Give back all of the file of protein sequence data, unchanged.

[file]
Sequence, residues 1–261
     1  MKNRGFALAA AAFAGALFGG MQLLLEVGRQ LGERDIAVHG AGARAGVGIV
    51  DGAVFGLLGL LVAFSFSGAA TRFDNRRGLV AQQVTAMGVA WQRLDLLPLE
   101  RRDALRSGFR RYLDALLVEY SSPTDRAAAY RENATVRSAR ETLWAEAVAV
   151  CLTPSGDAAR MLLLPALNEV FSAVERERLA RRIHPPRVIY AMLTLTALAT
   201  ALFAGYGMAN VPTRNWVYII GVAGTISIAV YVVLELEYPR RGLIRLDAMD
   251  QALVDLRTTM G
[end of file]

Sequence, residues 1–261
     1  MKNRGFALAA AAFAGALFGG MQLLLEVGRQ LGERDIAVHG AGARAGVGIV
    51  DGAVFGLLGL LVAFSFSGAA TRFDNRRGLV AQQVTAMGVA WQRLDLLPLE
   101  RRDALRSGFR RYLDALLVEY SSPTDRAAAY RENATVRSAR ETLWAEAVAV
   151  CLTPSGDAAR MLLLPALNEV FSAVERERLA RRIHPPRVIY AMLTLTALAT
   201  ALFAGYGMAN VPTRNWVYII GVAGTISIAV YVVLELEYPR RGLIRLDAMD
   251  QALVDLRTTM G